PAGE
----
• Tuesday, July 16, 2024
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“Scotland is under performing in West Africa” – Gary Soper

Gary Soper

Last week, the British High Commission announced that a Scottish oil and gas delegation will visit Nigeria from Jan 25 – 28 to explore investment opportunities in the country. The group comprising 13 Scottish companies was going to also participate in the Offshore West Africa Conference and Exhibition at the Eko Hotel and Suites from Jan. 26 to Jan. 28, 2016.
Isaac Anyaogu, caught up with the head of the delegation Gary Soper, Regional Manager of Africa for Scottish Development International at the organisation’s attractive exhibition stand to seek his view on the exhibition and if it was meeting the organisation’s expectations.

You reportedly said that your mission here is essentially to create awareness for Scottish brands, how is that working for you?

We have something like 41 offices in 29 countries around the world. So we tend to be in places where we believe that there are opportunities for Scottish companies given our capabilities. We are particularly strong in oil and gas, food and drinks and the creative industry

So when I opened the office in Africa, I opened it in Accra (Ghana) in June 2014, the idea was to focus very much on oil and gas, education and training related to oil and gas and to look at the markets in Ghana, Angola, Nigeria, Uganda, Mozambique, Tanzania and Kenya, the oil and gas hot spots if you like, of Africa. We believe that Scotland is under performing essentially in West Africa and what we are trying to do as an organisation is to get companies to understand more about the opportunities that might exist in the region and also to promote Scotland and what Scotland can do to companies.

Gary Soper
Gary Soper, Regional Manager of Africa for Scottish Development International

The second day of the exhibition is coming to a close, so far, is the exhibition meeting your objectives?

Firstly, this is the first time we brought a group to Nigeria and the first time we have exhibited at this event. We are a strategic partner at this event with PennWell Corporation, so we’ve been involved with them for sometime in the lead up to this and it’s always good. It’s a fairly small event,  I mean the shows that we tend to do as an organisation are things like OTC (Offshore Technology Conference) in Houston, we did Adipec conference in Abu Dhabi (United Arab Emirate) where there are hundreds of exhibitors every year.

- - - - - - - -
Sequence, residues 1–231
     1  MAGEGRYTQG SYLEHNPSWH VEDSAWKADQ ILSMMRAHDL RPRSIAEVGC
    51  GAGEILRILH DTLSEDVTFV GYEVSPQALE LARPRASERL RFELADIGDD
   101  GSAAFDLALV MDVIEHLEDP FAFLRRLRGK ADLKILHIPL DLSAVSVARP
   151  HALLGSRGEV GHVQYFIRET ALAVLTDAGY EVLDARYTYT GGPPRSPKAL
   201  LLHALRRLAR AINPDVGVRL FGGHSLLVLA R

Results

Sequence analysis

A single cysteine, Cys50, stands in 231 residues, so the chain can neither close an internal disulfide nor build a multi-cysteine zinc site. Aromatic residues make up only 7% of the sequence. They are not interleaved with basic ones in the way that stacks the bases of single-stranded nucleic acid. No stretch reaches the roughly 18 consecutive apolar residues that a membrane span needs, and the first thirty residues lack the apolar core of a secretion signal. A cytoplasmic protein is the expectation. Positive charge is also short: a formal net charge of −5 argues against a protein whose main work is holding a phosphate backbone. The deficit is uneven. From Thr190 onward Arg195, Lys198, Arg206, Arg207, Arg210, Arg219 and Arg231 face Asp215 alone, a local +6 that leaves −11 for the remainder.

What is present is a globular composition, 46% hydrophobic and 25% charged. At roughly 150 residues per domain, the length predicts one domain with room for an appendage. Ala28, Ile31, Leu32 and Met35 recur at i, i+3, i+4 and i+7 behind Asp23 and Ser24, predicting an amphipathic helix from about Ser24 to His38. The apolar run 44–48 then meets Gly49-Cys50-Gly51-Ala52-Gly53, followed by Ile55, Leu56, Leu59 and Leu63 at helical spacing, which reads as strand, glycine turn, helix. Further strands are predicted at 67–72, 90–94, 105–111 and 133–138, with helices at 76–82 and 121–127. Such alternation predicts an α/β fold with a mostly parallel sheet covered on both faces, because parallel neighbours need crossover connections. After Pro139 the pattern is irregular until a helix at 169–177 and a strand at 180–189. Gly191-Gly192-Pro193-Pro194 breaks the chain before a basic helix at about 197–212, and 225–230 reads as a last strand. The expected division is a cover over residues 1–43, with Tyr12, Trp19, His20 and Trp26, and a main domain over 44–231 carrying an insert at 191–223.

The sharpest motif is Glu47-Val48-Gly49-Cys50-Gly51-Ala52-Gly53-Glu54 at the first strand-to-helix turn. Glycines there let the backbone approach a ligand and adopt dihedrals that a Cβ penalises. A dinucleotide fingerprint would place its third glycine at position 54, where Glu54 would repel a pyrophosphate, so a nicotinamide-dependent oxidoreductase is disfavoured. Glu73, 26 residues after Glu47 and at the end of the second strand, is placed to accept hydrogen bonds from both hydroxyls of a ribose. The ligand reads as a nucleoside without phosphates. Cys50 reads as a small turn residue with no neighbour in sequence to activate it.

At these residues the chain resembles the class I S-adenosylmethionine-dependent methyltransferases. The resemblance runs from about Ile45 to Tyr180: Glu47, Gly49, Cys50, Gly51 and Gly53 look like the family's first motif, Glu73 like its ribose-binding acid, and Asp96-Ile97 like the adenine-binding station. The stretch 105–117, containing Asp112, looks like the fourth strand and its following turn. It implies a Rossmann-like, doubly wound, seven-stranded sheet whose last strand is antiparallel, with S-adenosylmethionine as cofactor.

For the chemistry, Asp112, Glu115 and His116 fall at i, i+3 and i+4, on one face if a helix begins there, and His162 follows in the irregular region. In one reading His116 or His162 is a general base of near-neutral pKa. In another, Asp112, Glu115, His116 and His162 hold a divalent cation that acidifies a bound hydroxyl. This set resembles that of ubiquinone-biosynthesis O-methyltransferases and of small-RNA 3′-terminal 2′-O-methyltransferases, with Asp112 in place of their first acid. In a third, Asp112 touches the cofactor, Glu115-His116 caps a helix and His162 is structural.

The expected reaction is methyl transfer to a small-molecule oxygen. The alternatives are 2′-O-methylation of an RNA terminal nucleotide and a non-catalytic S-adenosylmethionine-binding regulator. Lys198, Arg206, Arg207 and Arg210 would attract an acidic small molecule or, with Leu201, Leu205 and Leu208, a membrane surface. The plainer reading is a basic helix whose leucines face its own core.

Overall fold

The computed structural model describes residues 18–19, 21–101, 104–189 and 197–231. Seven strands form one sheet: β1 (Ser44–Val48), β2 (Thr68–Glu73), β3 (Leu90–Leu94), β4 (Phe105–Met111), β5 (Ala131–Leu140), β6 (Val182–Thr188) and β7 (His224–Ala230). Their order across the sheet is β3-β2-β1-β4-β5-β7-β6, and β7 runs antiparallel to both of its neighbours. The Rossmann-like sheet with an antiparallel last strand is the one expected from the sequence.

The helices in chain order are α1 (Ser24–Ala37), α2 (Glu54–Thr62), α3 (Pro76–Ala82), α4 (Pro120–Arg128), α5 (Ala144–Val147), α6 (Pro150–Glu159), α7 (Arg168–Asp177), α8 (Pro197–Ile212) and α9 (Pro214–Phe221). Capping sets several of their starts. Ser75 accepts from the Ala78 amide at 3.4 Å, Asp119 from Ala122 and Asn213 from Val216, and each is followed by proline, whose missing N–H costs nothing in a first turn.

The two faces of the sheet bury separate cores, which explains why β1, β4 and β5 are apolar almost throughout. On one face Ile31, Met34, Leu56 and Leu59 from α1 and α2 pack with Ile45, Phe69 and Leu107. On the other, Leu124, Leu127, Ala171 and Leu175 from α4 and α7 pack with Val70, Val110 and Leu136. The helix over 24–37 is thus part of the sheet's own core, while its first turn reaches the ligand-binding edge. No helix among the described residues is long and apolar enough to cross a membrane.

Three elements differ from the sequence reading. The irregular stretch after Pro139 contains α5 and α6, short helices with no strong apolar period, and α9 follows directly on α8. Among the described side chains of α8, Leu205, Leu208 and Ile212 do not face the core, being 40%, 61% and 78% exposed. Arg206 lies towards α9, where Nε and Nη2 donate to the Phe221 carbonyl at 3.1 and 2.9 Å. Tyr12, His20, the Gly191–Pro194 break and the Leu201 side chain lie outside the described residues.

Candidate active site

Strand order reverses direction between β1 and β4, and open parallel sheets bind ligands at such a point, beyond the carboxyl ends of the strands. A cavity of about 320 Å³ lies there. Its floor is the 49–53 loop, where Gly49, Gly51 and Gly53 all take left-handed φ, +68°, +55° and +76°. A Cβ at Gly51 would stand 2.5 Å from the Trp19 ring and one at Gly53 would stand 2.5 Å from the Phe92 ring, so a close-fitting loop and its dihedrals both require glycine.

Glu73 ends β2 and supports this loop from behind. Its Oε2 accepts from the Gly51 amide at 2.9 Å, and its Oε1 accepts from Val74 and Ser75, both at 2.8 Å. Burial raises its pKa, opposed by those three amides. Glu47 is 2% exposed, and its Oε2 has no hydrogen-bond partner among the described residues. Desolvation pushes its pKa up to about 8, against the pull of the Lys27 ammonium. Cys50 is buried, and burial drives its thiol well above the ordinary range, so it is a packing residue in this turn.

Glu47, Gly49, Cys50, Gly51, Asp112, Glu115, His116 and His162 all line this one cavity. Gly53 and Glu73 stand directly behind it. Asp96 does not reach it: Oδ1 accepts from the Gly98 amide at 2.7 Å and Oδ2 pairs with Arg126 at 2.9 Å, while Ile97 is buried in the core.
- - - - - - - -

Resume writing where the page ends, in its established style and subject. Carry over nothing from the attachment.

So this was always going to be small. We like that because it’s got the appeal where we can make a very big splash for a small country. We are the only country pavilion here. We’ve got a nice stand and we stand out so it does meet our objectives and I think the proof of the pudding as we say, is really the companies. Are the companies happy, yes they are. We actually took the group to Ghana for two days before coming here. Some of them have never been to Africa before; certainly they have never been to Ghana and Nigeria. It was a good introduction for them to see the African way and then move on to Lagos and the excitement that goes on here.

Is there any particular brand here that people coming for the exhibition have indicated a keen interest?

The biggest interest has been in Robert Gordon University and this is the thing that has come out through the conference discussion. It has really been about getting the education piece right. RGU is very strong in oil and gas but we have a few other universities as well like the University of Aberdeen, University of Dundee but a lot of people recognise the brand Robert Gordon University. There has been immense interest in what they are doing.